But the Fourth Amendment will not protect someone from just a bad shot. Obviously, Dwight Pink was stopped by something the officers did to achieve that result. This is not to say that someone must be stopped by the very way the officer intended. The unintended consequences of an intentional acquisition of control are not relevant.

Consider a case where an officer unintentionally shot and killed a man inside a house where officers were executing a narcotics warrant. It was enough to seize the man when he was forced to the floor with the loaded gun to his head. From there the analysis switched to whether the seizure was reasonable, and the facts suggested it was not. The man was elderly; he was non-violent; and the officer was holding the loaded gun to the back of his head — — with the safety off — — when he unintentionally pulled the trigger.

The bottom line: Could a reasonable officer which is obviously the court, looking at the facts through this hypothetical lens believe that the force fell within a range of reasonable options? Since the objective test judges the officer through the lens of a reasonable officer, the subjective beliefs of the actual officer — whether good or bad — are not relevant. The officer in Graham v. Connor may have honestly believed that Mr.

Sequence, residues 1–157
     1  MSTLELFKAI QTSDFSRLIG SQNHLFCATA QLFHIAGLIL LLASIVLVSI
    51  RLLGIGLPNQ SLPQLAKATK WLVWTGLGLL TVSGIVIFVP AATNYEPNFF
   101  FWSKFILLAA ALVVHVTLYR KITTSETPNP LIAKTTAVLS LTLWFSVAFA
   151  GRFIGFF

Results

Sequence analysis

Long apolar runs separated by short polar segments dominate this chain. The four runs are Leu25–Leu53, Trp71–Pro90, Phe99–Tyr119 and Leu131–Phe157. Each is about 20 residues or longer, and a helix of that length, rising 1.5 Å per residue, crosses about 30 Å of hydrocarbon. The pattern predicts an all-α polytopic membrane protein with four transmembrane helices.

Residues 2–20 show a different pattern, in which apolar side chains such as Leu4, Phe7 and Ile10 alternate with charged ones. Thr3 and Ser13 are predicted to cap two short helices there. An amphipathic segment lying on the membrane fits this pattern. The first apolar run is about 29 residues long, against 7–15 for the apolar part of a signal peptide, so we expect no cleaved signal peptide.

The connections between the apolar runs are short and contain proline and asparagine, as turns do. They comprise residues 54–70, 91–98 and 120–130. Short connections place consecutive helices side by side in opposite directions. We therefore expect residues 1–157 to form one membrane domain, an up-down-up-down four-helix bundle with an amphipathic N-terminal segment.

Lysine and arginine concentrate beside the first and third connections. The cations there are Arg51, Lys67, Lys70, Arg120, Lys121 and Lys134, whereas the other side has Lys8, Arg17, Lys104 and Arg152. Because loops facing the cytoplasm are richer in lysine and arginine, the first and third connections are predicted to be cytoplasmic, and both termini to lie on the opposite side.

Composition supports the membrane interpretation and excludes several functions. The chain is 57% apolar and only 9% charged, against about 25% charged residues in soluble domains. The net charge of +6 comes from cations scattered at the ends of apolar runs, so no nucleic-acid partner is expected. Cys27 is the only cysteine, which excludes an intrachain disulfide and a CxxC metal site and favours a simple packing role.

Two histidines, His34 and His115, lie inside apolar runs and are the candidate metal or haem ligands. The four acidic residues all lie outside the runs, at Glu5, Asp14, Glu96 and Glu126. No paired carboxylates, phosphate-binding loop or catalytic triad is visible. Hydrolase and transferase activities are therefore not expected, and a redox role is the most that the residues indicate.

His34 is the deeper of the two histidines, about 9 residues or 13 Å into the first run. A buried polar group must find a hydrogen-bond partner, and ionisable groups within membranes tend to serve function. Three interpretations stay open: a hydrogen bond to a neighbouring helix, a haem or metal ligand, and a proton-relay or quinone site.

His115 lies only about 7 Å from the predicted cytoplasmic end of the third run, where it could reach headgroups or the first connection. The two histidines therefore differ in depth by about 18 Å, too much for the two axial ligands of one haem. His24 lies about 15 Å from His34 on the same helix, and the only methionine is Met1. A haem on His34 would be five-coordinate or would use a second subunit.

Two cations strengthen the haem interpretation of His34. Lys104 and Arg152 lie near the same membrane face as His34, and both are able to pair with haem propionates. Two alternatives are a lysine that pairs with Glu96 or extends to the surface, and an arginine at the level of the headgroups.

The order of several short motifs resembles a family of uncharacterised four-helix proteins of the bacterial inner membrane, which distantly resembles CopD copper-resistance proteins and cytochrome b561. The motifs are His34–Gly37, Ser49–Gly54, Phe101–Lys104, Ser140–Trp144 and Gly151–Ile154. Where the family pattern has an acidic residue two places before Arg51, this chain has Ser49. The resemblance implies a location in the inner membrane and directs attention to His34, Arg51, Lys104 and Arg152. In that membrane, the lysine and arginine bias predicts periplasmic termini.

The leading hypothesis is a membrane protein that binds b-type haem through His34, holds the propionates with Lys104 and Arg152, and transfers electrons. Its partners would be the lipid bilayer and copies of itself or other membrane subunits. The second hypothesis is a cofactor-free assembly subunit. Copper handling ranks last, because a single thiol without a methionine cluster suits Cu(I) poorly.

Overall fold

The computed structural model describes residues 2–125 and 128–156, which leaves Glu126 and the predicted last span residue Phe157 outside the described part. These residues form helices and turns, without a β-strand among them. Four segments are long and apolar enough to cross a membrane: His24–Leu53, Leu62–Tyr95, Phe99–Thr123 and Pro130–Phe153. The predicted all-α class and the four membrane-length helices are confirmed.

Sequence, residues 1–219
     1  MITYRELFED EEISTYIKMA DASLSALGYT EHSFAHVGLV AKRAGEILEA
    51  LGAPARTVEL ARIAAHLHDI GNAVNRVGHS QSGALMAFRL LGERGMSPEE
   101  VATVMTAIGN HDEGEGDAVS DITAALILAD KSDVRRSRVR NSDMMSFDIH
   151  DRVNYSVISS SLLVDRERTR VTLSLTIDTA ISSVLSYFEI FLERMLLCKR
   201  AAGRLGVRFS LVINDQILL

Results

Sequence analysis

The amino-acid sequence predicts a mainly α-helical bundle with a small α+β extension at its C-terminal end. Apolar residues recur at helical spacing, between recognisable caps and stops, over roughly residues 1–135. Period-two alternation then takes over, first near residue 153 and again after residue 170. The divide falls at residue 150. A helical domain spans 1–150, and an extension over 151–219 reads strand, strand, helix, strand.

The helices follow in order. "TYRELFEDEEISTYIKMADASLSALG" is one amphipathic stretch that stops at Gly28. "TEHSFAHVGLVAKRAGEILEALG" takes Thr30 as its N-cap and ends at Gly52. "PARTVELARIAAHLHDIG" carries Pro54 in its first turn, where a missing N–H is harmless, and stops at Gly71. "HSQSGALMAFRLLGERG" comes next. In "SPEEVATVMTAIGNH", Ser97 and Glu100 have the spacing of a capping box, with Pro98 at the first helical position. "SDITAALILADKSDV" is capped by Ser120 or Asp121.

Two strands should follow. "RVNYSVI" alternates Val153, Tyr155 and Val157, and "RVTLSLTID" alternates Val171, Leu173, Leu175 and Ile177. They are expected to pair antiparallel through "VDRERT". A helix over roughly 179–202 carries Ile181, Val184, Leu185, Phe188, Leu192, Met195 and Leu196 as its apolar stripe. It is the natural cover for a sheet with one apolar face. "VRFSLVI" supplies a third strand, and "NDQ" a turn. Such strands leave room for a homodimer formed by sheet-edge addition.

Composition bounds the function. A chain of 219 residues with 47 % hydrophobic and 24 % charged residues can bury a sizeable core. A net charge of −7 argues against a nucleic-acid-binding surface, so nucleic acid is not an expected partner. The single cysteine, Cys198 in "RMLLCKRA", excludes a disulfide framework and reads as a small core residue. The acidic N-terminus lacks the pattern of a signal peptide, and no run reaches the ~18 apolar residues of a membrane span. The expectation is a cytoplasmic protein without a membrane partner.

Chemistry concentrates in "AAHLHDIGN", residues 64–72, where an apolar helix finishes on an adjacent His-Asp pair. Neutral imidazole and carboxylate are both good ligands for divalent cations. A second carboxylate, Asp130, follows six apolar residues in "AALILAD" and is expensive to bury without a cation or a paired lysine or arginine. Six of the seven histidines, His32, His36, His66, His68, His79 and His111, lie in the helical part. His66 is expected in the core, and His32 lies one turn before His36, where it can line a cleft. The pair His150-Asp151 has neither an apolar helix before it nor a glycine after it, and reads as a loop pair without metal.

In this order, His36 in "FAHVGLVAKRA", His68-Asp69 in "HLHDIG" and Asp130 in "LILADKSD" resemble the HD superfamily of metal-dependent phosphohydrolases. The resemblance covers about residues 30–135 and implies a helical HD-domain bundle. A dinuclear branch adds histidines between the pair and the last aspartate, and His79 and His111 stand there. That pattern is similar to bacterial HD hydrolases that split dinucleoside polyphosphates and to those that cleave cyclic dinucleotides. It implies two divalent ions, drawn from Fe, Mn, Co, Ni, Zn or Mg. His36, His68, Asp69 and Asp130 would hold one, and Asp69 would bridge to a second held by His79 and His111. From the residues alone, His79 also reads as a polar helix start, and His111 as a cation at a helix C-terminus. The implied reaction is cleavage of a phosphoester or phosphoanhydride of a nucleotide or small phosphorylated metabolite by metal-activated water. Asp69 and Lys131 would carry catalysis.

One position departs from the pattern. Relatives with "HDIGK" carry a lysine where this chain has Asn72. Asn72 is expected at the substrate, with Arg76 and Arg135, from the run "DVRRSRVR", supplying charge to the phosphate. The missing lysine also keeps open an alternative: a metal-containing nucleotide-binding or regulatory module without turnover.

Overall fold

Graham was a shoplifter; however, the objective test asks what a reasonable officer could believe based on the facts. Facts make force reasonable. Graham was reasonable or not. The Court sent the case back to the lower court with instructions to follow its objective test. What follows are some facts that might cause a court to find the force reasonable. Some of these facts are for illustrative purposes and are not in the Graham decision.

Officer Connor suspected that Graham stole something from a convenience store. To support that suspicion, he might write in his use of force report:. Graham run into a convenience store. Moments later, I saw him run back out and get into a passenger car. I learned later that Mr. Berry was behind the wheel. I heard the tires screech as the two sped away. Training and experience is important. The officer must help the court visualize what happened. Good action verbs make that visualization possible.

Connor might write in his use-of-force report:. After Berry stopped, I walked to his car. I saw Berry behind the wheel. I saw Graham seated on the passenger seat.

I told both of the men to wait at the car. I ordered another officer to go back to the convenience store and find out what happened. Then Graham got out of the car. He opened the passenger door, ran around the car, sat-down on the curb and fell over — as if he had passed out. I believed that Graham was under the influence of alcohol based on my experience with intoxicated people. They are generally irrational. Graham was irrational; he ran around the car two times after I a police officer told him to wait at the car.